A federal appeals court on Wednesday overturned a lower court’s ruling and reinstated a disability discrimination lawsuit brought by the US Equal Employment Opportunity Commission against an ATM installation and service company that fired a worker who suffered a stroke.
In February 2019, Barney Galloway, one of two field service technicians in charge of the Houston region for Green Bay, Wis.-based Cash Depot Inc., informed the company that he had a stroke while on leave, according to the ruling by the 5th U.S. Circuit Court of Appeals in New Orleans in Equal Employment Opportunity Commission v. Cash Depot Ltd.
On March 4, Mr. Galloway said he was getting better but still could not return to work, and two days later he said he had a follow-up doctor̵7;s appointment on April 2 to be evaluated to determine if he could resume his job.
The company immediately posted a vacancy for his job and offered his position on April 2 to someone else. The same day, Mr. Galloway told the company he could return to work with a 25-pound weight restriction, which would allow him to do most of his work, and his doctor confirmed this in an April 3 letter. Mr. Galloway was fired the same day.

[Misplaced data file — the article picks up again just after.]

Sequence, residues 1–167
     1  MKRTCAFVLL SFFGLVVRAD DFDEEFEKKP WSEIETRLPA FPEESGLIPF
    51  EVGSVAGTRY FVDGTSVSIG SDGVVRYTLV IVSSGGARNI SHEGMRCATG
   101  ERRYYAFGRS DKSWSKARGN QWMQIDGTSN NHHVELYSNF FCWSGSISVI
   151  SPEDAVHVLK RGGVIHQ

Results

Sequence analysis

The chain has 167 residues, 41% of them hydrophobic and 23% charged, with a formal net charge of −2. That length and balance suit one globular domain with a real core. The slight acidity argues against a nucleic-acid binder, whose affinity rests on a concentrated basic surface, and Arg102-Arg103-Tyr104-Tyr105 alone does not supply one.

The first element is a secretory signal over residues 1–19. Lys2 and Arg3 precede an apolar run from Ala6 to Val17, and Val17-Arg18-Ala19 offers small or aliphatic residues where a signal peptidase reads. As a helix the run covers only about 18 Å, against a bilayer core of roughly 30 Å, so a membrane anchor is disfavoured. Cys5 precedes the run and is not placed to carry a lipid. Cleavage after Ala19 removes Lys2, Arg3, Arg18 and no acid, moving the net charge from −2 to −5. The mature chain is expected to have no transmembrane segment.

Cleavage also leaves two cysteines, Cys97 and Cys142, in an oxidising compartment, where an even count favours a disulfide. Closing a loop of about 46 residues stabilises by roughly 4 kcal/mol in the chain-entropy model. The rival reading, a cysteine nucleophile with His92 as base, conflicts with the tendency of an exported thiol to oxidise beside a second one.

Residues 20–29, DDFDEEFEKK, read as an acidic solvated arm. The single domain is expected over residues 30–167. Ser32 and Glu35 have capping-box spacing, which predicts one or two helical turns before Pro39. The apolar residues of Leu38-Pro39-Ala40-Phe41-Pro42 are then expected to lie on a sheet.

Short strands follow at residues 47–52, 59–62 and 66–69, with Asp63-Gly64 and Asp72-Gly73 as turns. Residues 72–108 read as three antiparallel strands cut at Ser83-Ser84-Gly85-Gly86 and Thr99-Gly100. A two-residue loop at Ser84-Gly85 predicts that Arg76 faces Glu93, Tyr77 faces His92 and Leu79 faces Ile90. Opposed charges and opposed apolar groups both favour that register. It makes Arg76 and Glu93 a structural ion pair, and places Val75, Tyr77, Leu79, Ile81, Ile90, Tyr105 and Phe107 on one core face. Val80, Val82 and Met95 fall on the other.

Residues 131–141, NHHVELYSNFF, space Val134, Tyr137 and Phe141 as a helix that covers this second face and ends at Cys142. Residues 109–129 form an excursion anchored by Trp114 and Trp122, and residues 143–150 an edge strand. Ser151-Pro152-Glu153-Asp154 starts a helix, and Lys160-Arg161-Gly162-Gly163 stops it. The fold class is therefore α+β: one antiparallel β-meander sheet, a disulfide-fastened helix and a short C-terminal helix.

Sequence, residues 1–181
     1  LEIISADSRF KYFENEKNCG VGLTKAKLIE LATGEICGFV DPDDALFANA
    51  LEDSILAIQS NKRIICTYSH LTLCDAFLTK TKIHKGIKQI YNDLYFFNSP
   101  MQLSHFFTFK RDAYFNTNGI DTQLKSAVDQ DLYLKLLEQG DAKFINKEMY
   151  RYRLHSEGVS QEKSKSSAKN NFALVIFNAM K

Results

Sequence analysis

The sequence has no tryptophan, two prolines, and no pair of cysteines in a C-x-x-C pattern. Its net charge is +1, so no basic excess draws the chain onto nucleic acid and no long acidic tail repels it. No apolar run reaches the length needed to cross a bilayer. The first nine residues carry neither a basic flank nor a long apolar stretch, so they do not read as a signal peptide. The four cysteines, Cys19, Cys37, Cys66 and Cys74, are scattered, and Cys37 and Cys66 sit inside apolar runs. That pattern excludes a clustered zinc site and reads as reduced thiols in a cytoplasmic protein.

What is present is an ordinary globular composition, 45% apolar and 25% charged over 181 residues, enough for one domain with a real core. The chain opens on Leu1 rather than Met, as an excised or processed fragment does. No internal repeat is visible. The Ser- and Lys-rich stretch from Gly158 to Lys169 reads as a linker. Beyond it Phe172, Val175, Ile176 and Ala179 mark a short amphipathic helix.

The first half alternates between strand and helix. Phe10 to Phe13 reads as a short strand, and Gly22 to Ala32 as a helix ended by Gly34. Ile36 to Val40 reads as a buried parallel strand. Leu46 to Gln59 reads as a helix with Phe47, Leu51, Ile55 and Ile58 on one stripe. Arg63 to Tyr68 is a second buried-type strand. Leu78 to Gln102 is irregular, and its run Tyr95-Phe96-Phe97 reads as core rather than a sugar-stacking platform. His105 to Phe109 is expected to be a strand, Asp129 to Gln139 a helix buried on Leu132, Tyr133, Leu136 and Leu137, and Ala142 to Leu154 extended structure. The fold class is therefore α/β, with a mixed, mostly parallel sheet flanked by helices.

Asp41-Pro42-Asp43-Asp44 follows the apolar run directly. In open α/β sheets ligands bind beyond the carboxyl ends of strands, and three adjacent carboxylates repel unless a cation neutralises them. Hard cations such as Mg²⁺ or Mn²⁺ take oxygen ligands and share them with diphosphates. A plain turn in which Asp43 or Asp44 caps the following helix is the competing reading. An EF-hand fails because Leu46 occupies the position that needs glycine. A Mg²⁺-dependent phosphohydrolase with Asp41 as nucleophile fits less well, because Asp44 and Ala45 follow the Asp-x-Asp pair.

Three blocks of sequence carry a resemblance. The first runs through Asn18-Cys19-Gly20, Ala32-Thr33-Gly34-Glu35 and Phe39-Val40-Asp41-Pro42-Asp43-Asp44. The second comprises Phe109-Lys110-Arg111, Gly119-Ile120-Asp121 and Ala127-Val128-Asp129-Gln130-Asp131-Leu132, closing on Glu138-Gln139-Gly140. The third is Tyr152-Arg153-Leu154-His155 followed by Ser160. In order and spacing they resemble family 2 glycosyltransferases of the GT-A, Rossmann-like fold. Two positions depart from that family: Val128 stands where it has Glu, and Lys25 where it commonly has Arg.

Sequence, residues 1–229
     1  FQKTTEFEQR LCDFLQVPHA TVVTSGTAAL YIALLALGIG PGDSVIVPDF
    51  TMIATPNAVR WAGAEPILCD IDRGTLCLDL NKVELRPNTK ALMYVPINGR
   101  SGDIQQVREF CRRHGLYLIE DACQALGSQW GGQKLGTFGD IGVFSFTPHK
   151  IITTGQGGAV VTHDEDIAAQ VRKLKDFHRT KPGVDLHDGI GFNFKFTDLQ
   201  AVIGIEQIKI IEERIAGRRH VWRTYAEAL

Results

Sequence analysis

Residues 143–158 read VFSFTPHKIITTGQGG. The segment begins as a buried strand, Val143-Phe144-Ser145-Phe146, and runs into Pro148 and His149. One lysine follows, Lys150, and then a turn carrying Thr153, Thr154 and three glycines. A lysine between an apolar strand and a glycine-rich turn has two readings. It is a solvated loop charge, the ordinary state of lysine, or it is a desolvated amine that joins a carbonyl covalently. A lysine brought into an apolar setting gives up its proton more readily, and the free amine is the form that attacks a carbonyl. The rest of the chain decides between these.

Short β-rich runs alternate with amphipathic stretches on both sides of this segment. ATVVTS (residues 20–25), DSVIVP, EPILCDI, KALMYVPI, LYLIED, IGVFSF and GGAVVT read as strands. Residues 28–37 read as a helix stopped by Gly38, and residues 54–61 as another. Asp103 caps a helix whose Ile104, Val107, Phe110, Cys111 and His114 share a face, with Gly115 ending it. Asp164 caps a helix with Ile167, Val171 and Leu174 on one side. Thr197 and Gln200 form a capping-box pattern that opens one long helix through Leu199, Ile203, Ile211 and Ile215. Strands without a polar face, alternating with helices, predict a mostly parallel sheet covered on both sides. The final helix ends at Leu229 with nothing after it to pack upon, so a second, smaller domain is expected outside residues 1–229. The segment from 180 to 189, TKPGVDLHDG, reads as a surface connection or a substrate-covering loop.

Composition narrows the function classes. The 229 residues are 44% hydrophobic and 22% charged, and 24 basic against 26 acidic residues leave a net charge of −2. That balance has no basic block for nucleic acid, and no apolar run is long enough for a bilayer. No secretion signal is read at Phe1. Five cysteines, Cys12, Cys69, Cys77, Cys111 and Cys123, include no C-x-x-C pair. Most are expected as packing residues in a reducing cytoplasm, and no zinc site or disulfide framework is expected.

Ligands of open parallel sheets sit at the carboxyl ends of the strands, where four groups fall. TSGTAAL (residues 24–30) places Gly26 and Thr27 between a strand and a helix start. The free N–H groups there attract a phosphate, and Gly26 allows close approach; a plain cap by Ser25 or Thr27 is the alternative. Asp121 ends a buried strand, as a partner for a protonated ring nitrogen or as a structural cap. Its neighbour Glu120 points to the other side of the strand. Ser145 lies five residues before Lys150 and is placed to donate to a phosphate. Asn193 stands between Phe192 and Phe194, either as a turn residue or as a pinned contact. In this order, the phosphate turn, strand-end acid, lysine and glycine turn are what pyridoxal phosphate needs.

The EEOC filed suit in US District Court in Houston against CD, alleging that it had violated the Americans with Disabilities Act by firing Mr. Galloway and not reasonably accommodate him.
The district court granted CD summary judgment dismissing the case, finding that Mr. Galloway was unable to perform the essential functions of his job, that no reasonable accommodations were possible, and that it need not infer bad faith from the company’s decision to immediately hire a replacement.
The decision was overturned by a unanimous three-judge panel of the Court of Appeal.
The document does not establish “that no jury could find discrimination,” the decision said. “Furthermore, the trial court failed to construe the facts and evidence in the light most favorable to the EEOC, as required.”
“The trial court here not only considered CD’s ruling but also gave it deference despite conflicting evidence,” it said, reversing the lower court and remanding the case.
Attorneys in the case had no comment or did not respond to a request for comment.
Earlier this month, a federal appeals court overturned a lower court ruling that the New York City Transit Authority discriminated against an employee who suffered from tendinitis and failed to reasonably accommodate his disability.